Developers concerned about confining their apps to a single infrastructure-as-a-service platform, such as Amazon Web Services, need worry no more. If they’re willing to utilize Cloud Foundry, the open source platform-as-a-service project launched by VMware in April 2011, developers can now run apps that move seamlessly between any infrastructure already running a Cloud Foundry-based service.
As it stands right now, most PaaS offerings sit atop a public cloud — mostly AWS — and are tuned to utilize that cloud’s API and various features. Developers write apps to the PaaS they want to use, which means they’re inherently locked into the underlying IaaS cloud, as well. With Cloud Foundry’s new Multi-Cloud capability, however, developers can write apps that can actually span IaaS clouds that are offering up Cloud Foundry instances.
That might not sound like much, but less than a year into its existence, Cloud Foundry already underpins numerous efforts. On the public side, there’s VMware’seponymously named Cloud Foundry service, as well as AppFog and Iron Foundry. Within the private cloud space, ActiveState is offering its Stackato product. Because it’s just open source code that needs infrastructure to run on, however, Cloud Foundry can theoretically run anywhere — on AWS, OpenStack clouds, Eucalyptus clouds, or even your own laptop.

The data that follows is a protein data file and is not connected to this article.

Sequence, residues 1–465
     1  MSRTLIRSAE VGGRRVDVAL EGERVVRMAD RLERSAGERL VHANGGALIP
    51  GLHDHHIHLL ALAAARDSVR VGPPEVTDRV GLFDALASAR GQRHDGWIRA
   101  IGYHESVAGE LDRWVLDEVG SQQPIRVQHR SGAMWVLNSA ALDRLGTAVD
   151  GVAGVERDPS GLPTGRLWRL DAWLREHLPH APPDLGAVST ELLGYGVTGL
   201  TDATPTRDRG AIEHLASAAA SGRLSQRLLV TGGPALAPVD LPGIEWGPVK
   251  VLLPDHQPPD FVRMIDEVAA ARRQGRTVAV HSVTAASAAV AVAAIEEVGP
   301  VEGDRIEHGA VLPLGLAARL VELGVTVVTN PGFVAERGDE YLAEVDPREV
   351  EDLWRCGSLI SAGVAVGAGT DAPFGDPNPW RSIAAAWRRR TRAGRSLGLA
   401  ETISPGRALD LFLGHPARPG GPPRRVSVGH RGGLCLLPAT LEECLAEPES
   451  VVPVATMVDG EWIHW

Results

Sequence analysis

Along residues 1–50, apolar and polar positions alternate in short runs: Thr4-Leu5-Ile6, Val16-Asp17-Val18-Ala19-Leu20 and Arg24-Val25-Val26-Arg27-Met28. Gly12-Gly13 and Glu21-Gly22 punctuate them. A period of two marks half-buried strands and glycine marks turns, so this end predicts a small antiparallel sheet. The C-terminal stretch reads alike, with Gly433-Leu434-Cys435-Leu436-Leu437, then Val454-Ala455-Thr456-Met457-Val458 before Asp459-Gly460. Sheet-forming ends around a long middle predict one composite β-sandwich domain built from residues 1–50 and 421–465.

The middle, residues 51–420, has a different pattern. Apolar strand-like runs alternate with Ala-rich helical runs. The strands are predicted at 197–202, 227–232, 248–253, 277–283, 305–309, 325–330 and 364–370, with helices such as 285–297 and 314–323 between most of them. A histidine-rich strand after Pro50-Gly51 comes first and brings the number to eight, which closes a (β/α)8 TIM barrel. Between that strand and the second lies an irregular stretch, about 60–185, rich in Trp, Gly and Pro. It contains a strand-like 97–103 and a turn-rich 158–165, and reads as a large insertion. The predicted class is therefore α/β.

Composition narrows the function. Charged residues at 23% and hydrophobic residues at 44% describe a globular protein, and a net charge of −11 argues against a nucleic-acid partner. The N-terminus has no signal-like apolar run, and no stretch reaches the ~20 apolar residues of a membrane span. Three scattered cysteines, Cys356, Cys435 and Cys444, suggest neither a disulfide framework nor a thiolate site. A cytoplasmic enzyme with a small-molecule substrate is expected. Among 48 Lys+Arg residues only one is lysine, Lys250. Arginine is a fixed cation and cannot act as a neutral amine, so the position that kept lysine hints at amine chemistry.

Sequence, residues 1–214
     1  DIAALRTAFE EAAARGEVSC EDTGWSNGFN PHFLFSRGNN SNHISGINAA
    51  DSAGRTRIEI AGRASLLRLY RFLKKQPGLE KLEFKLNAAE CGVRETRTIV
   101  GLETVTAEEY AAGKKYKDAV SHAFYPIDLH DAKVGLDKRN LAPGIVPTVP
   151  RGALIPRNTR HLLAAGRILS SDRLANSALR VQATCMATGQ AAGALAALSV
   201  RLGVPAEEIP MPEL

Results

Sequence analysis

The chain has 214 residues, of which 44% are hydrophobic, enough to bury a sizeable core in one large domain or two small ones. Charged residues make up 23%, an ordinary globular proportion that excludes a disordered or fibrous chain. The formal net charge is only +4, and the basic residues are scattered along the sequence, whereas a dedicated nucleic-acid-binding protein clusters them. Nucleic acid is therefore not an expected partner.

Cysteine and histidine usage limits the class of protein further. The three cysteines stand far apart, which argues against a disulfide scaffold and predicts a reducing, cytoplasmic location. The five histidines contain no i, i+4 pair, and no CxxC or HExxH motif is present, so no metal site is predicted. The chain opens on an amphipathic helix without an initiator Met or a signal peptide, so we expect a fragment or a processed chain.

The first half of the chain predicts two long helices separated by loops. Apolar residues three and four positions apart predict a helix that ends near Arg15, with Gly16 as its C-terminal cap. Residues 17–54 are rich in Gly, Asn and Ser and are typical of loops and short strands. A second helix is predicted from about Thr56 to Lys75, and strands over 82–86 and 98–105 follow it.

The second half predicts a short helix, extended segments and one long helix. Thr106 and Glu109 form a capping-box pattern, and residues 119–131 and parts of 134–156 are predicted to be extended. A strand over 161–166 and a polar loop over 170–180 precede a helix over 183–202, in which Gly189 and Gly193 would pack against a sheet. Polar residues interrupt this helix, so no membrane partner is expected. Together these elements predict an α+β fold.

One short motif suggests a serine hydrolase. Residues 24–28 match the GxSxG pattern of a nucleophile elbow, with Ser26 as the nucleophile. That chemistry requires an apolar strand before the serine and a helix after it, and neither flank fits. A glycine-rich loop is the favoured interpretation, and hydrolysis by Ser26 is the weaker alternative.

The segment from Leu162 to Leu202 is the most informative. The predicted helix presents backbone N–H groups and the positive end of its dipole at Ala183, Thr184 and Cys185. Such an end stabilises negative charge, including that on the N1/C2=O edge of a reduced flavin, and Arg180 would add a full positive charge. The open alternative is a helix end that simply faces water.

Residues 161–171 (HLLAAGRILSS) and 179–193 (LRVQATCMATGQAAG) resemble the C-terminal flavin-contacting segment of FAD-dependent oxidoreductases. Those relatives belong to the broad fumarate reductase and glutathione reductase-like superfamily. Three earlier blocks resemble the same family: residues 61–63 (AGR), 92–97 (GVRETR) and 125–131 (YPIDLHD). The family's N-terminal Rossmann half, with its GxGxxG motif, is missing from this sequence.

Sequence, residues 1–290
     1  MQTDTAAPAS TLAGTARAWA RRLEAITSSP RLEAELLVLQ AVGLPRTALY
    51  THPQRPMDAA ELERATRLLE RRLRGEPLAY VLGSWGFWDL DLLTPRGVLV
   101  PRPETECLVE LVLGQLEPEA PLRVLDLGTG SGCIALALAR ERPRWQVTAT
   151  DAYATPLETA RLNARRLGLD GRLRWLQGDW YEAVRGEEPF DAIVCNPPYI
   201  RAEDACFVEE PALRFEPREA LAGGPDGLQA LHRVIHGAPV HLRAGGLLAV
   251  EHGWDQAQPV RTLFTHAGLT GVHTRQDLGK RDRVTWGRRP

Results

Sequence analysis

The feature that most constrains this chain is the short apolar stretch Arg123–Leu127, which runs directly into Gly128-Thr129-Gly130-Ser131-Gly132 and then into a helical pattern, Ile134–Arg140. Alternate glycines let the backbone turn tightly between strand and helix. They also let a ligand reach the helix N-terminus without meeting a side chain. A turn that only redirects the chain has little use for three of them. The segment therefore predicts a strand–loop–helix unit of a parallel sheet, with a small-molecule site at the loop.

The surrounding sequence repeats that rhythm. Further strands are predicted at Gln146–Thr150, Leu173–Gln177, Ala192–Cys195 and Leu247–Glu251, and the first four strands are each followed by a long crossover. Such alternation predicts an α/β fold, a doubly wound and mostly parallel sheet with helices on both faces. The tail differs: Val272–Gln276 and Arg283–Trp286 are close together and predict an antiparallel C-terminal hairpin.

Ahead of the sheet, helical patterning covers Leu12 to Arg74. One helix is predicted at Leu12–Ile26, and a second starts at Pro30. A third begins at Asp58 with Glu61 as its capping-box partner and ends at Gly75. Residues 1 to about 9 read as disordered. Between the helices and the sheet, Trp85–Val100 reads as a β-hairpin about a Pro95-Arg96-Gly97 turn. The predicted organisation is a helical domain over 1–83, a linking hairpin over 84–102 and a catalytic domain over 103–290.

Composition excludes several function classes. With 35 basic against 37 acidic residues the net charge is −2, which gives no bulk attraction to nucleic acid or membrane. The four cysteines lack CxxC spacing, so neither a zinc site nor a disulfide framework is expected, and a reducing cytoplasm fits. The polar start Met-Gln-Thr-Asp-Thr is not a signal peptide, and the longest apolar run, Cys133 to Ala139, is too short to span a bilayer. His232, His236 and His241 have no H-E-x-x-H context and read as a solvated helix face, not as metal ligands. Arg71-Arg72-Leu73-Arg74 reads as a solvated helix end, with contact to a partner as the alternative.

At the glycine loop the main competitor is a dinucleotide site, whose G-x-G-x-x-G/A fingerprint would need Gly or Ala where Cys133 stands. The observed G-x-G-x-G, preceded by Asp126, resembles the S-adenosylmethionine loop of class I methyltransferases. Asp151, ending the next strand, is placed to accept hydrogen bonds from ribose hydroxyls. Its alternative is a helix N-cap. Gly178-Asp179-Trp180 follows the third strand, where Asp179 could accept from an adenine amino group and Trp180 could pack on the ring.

The Cloud Foundry team explains how this is accomplished in the blog post announcing the new capability. Essentially, it’s a matter of providing applications with an infrastructure-agnostic execution method, standardizing the method of exposing services such as databases, and standardizing service credentials across runtimes. The result is that applications don’t have to worry about infrastructure-specific requirements, because the intermediary Cloud Foundry platform takes care of them.
As Cloud Foundry continues to expand its ecosystem, of course, this capability will become even more appealing. CEOs of other PaaS providers have told me in the past they were looking at ways to expand their platforms beyond AWS — something CloudBees has done by making its code downloadable — so maybe now is the time to get busy on making that happen.
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